Impact of Egg Consumption on Carotenoid and Vitamin D Bioavailability in Pre- and Post-menopausal Women
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|ClinicalTrials.gov Identifier: NCT02679794|
Recruitment Status : Completed
First Posted : February 10, 2016
Last Update Posted : January 11, 2018
|Condition or disease||Intervention/treatment||Phase|
|Menopause||Behavioral: Egg consumption Behavioral: Control||Not Applicable|
The 2010 Dietary Guidelines for Americans emphasizes consumption of 4.5 cups of fruits and vegetables daily. However, US adults only consume on average 2.6 cups of fruits and vegetables daily. This low consumption may further result in the limited availability of fat soluble, health-promoting, phytochemicals such as carotenoids (CAT) from these foods. Dietary CAT have beneficial biological properties including antioxidant and anti-inflammatory effects and scientific research supports the protective effects of CAT against many degenerative diseases, including cardiovascular diseases, age-related macular degeneration, and some types of cancer. Therefore, either low intake or inefficient bioavailability of CAT from fruits and vegetables may reduce their potential effectiveness to retard or prevent disease. Recently completed randomized and crossover study found that co-consuming 150g (3 eggs) of scrambled whole eggs (SWE) which contains18g of lipid, increases overall CAT absorption from a mixed-vegetable salad >7-fold compared to a the same salad without eggs (3g of co-consumed lipid) in young healthy men. However, the occurrence of this benefit in women and older adults is unknown. Aging may affect CAT bioavailability due to age-induced physiological changes including reduced gastrointestinal tract function and modifications of chylomicron metabolism. Eggs are known to be a highly bioavailable source of CAT, presumably due to the presence of lipid and phospholipid in egg yolk. The highly bioavailable nature of CAT from eggs suggest that egg-derived factors may be leveraged to improve bioavailability of other CAT found in co-consumed vegetables. While promising, very limited data exist on the impact of a co-consumed food source of lipid to enhance CAT absorption in women or in older adults.
Vitamin D (VIT D) insufficiency is widespread with nearly 2/3 of Americans not meeting the current Institute of Medicine (IOM) recommendation for serum 25-hydroxyvitamin D (25(OH)D) concentration. VIT D has an essential function to regulate calcium homeostasis, including stimulating calcium's active intestinal absorption and renal excretion. Thus, maintaining adequate VIT D status is critical for overall skeletal health and the prevention of osteoporosis. Post-menopausal women are at high risk of having osteoporosis and this risk is reduced when adequate VIT D status is maintained. VIT D is fat-soluble and only a limited number of foods naturally contain it. Also, while VIT D absorption is enhanced by dietary lipid, the optimal amount of lipid required for maximal absorption has not been determined. A paucity of data exists regarding the effect of a co-consumed food source of lipid to enhance VIT D absorption and the impact of aging on VIT D bioavailability in women.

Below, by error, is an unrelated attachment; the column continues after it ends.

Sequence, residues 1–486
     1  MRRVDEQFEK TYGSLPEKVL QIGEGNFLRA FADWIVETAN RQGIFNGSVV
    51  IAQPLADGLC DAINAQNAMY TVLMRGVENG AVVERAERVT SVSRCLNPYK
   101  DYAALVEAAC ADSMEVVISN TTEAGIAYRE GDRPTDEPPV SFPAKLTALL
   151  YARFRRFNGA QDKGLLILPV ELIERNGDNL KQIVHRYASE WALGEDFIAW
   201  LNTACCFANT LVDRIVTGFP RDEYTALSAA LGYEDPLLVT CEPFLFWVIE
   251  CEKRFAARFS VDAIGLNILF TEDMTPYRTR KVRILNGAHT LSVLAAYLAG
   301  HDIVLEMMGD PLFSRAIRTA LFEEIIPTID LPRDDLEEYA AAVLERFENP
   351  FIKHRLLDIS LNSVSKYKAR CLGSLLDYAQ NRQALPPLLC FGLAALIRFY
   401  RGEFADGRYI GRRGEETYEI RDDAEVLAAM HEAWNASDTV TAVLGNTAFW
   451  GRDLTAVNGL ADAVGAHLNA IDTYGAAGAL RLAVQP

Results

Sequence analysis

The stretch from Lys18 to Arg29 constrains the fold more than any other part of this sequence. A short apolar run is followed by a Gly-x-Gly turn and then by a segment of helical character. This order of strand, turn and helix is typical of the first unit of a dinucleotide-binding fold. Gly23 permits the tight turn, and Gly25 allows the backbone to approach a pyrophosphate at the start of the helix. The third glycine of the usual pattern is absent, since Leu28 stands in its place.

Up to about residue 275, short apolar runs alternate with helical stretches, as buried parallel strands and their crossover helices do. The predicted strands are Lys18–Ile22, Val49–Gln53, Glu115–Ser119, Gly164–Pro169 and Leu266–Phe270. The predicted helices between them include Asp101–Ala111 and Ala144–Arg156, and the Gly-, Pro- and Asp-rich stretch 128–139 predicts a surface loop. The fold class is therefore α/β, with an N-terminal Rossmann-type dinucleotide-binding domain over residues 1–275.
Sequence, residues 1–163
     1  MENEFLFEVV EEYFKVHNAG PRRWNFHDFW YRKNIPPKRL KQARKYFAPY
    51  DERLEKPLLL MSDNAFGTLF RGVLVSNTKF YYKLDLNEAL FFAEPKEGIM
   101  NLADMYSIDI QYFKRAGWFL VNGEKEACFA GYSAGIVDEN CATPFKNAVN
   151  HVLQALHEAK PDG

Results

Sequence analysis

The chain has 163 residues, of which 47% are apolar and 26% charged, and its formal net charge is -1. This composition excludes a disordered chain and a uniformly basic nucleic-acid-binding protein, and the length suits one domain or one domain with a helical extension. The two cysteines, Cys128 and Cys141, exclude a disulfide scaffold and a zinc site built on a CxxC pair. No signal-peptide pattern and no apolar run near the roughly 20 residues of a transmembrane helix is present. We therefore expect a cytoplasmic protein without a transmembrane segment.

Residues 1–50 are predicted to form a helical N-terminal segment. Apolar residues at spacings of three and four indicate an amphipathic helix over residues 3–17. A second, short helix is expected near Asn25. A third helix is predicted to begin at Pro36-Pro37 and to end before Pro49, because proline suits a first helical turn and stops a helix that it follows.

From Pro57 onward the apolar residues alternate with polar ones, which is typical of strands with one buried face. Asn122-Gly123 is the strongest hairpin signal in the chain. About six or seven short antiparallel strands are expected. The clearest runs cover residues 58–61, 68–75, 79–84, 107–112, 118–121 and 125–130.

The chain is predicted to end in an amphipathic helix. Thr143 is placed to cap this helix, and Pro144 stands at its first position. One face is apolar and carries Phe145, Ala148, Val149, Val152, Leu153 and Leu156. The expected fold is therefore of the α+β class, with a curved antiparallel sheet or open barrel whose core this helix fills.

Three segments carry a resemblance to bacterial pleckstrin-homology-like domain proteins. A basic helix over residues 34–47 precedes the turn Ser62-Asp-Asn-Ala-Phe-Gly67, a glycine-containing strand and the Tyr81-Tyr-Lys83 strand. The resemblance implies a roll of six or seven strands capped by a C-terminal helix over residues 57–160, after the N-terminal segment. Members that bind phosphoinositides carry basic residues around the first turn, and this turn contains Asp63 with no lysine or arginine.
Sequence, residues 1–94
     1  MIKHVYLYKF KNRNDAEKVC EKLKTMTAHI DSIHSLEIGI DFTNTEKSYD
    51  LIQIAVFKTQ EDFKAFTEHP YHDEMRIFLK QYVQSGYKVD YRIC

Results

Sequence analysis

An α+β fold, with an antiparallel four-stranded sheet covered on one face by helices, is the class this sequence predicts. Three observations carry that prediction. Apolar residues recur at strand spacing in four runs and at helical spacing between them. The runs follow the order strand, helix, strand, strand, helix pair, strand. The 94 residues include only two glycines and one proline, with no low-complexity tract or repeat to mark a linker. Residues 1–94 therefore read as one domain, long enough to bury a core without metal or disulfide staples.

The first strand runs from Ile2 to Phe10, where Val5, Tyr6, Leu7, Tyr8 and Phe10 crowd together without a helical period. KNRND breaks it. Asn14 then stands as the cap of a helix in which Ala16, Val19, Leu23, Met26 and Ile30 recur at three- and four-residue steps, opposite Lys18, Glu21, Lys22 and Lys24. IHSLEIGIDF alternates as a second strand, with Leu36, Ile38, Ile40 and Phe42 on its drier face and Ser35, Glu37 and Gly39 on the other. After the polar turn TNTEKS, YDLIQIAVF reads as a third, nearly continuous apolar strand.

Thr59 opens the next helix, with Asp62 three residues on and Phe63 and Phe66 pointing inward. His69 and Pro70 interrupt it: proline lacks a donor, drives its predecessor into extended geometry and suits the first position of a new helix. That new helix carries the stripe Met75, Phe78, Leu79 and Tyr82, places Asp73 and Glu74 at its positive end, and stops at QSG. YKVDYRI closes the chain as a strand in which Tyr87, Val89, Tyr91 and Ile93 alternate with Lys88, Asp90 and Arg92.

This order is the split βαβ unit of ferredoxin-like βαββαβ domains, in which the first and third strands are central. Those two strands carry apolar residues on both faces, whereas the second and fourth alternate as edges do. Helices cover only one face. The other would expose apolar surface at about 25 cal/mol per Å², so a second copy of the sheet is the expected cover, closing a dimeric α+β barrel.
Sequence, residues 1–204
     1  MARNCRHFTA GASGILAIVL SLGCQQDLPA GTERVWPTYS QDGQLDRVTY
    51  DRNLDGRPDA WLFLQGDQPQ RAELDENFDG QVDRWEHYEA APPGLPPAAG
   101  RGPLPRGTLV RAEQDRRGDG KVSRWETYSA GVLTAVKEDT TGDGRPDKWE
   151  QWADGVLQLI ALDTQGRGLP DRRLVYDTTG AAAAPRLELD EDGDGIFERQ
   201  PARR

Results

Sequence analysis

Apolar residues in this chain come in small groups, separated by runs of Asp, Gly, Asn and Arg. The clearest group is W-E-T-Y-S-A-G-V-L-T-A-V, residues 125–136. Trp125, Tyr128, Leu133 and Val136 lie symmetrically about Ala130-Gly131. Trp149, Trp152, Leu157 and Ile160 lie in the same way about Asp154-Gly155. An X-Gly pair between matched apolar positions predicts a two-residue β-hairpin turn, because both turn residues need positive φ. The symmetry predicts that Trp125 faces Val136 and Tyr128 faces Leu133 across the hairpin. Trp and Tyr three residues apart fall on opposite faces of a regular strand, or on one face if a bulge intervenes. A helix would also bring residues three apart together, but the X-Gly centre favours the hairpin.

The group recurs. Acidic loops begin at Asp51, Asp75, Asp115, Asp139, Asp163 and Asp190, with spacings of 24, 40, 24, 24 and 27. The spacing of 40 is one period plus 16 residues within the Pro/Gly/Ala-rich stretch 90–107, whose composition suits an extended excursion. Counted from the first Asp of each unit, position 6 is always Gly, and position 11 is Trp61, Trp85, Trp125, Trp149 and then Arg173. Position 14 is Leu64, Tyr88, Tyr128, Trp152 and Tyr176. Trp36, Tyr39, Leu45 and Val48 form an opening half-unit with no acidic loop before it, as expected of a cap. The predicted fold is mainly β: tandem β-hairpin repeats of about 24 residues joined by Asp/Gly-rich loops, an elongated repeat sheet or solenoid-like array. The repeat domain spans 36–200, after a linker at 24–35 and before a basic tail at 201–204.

|Study Type :||Interventional (Clinical Trial)|
|Actual Enrollment :||20 participants|
|Intervention Model:||Crossover Assignment|
|Official Title:||Impact of Egg Consumption on Carotenoid and Vitamin D Bioavailability in Pre- and Post-menopausal Women|
|Actual Study Start Date :||December 2015|
|Actual Primary Completion Date :||May 2017|
|Actual Study Completion Date :||August 2017|
Experimental: Egg consumption
Consuming sautéed vegetables and 3g canola oil with 100g (2 large eggs) of whole eggs
Behavioral: Egg consumption
Subjects will consume a carefully portioned sautéed vegetables and 3g canola oil with 100g (2 large eggs) of whole eggs
Placebo Comparator: Control
Consuming sautéed vegetables and 3g canola oil without eggs
Subjects will consume a carefully portioned sautéed vegetables and 3g canola oil.
- Contents of total and individual carotenoids in triglyceride-rich lipoprotein fractions [ Time Frame: From hour 0 to hour 10 ]composite 0-10 h area under the curve of total and individual carotenoids (lutein, zeaxanthin, alpha-carotene, beta-carotene, lycopene) in triglyceride-rich lipoprotein fractions (all units are nmol/L x 10 hours)
- Vitamin D content in in triglyceride-rich lipoprotein fractions [ Time Frame: From hour 0 to hour 10 ]composite 0-10 h area under the curve of vitamin D2, vitamin D3, 25(OH)D2, and 25(OH)D3 in triglyceride-rich lipoprotein fractions (all units are nmol/L x 10 hours)
To learn more about this study, you or your doctor may contact the study research staff using the contact information provided by the sponsor.
Please refer to this study by its ClinicalTrials.gov identifier (NCT number): NCT02679794
|United States, Indiana|
|Purdue Clinical Research Center|
|West Lafayette, Indiana, United States, 47907|
|Principal Investigator:||Wayne W Campbell, Ph.D.||Purdue University|